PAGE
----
Coloradokevin (I think you are a policeman so maybe you can answer this question). First, there seems to be an increasing number of drunks "getting the wrong house". I have been as drunk as all get out in my time, I have never walked into the wrong house, apartment, bed... The question is, do you see a lot of that? A perp (obviously intent on some illgotten treasure) says, "Man, I is drunk, got the wrong house, it didn't dawn on me to the cuffs got put on... I know I don't seem drunk, but I was scared sober"? I reckon that any lie that MIGHT get someone out of the clink is a lie they would use.


There may be no legal requirement in Florida, but how about a moral requirement?

Well that is the crux of this issue isn't it. First off, there is more than a little suggestion in the Jewish, Christian and Muslim traditions (a considerable majority of the worlds population) that getting raving drunk is not good. I am sure the same is true of other religions, in fact it is against the law to get raving drunk and run around town, several laws. So, the perp acted immorally.

The homeowner had a MORAL obligation to him and his. That is why he fired.

There is a moral obligation NOT to take an innocent life, which is why said homeowner didn't go outside and shoot him in his car while he slept. This is not a moral dilemma. It is an ethical dilemma.

IMO, considering that the homeowner isn't a ""trigger-happy macho %#@*,"" actually better describes his behavior... I don't know where Biker is, but he is muy macho and he would have opened the door and spit tobacco juice in the dudes eye and tied him to the pipes of his "chopper", all while making an egg white omelet. The behavior of the homeowner was decidedly ignorant and un-macho, which MAY have been what saved his life.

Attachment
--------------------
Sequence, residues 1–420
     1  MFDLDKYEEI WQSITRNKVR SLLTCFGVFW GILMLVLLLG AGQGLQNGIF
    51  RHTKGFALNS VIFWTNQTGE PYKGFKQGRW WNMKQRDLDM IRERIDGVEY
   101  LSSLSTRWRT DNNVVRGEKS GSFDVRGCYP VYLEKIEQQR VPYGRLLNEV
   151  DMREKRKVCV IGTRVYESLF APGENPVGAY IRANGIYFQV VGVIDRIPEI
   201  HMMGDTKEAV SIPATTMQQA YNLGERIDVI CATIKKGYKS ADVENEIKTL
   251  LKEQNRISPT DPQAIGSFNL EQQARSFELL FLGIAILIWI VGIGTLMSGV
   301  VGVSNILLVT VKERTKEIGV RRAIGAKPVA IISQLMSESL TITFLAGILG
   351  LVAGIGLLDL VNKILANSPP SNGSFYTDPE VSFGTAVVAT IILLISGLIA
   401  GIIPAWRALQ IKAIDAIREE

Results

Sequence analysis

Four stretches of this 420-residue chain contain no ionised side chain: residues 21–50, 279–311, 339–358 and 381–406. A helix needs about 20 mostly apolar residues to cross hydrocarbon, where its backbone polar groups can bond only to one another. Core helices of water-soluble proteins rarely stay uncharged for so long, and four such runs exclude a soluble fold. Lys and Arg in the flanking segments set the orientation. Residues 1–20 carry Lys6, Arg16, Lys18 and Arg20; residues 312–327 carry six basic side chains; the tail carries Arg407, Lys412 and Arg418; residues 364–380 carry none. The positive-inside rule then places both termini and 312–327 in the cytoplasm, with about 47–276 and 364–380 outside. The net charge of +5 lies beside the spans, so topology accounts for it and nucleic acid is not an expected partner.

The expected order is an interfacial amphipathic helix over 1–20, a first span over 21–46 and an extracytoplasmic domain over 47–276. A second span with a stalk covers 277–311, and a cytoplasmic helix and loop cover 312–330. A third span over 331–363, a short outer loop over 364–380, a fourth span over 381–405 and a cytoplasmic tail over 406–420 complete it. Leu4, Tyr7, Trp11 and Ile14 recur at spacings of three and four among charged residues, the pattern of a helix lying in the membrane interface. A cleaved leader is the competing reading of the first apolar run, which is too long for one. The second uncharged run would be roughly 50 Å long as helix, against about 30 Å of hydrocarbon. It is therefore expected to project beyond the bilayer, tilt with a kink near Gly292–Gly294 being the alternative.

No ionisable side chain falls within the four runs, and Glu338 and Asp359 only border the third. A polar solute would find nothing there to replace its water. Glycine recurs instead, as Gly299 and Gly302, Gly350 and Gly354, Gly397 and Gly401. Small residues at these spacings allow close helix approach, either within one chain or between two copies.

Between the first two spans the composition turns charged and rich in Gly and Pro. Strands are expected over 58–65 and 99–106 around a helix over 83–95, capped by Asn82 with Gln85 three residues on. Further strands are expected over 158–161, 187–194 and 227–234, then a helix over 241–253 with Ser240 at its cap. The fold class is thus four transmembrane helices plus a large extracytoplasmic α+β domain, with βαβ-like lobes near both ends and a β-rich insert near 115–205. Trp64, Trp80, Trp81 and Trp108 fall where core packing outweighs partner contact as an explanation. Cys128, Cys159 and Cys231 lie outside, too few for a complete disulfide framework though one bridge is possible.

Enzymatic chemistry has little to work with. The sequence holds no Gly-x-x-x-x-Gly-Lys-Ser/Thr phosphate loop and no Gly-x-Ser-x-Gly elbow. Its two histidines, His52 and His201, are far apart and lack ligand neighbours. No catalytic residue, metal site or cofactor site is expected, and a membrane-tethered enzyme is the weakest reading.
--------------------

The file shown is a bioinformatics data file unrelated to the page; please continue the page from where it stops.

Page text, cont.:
A person died needlessly because a homeowner forgot rule four.

How do you figure? A person died because they unwisely tried to enter a home in contravention of the law and because the homeowner followed rule 4. I don't see how anyone can say he didn't. He shot the door, the perp was behind the door, the perp died, no one else did and no other property damage was reported.

Article Slanted Against The Shooter

--------------------------------------------------------------------------------

Anybody notice that the door he kicked was "3 doors down".
This guy was so drunk he not only didn't go to his house, he went 3 doors down. Does anyone think he would have listened to any command once he got into the house? Does this article say anything except that the guy was shot through the door? Does this article say anything about what the victim did before he pulled the trigger?

Since the article left out everything the shooter did except pull the trigger, recognize this article for what it is: A legal use of lethal force being slanted against the shooter. The criminal is made out to be a saint.Not one word on the reputation of the shooter. Not one word on how well he is liked. Nothing but an article well written enough that THR members have gotten on their gun safety and tactics horses and convicted the victim. If we can't recognize a slanted article, how are the masses supposed too?

+1 It is a little early to make a call and even if we DO MAKE A CALL, the law would support what he homeowner did (I think) so let's leave it there.

KentuckyBlue
May 1, 2008, 09:31 AM
Looks like I stirred up a hornet's nest. No one has all the facts and circumstances at this point, and we certainly can't rush to judgement. I know what the letter of the law says. I want to see how the law is interpreted and applied. Lots of time the spirit of the law trumps the letter.

When I took my CC class, the instructor was a firefighter by profession. A scenario very similar to this was presented in the Q&A session. He reflected on several cases locally where persons observed a neighbor's house on fire and beat and kicked on the door to wake the neighbor up. He also said that if someone calls the Fire Dept. to report a neighbor's house on fire and it is on fire when they arrive, he will pound on the door and then he's coming in!